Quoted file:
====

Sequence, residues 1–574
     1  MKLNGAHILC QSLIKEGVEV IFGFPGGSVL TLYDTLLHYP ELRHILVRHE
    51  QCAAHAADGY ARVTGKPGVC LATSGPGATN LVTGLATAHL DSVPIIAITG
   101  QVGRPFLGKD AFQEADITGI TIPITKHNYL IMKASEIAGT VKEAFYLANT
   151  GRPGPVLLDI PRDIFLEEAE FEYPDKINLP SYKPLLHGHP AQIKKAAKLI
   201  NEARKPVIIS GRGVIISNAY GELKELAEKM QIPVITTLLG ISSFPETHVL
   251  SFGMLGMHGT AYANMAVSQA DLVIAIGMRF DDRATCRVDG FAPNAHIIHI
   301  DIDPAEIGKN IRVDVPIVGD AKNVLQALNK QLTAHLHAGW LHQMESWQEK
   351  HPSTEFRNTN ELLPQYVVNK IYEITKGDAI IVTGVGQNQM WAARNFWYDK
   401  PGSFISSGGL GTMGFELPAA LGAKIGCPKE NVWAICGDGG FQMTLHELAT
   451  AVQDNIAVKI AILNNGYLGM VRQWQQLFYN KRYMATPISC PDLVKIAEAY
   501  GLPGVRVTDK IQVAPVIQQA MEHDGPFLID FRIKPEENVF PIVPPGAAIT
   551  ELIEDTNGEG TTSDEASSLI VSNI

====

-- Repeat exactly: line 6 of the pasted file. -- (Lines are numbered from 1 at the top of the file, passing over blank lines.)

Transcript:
   201  NEARKPVIIS GRGVIISNAY GELKELAEKM QIPVITTLLG ISSFPETHVL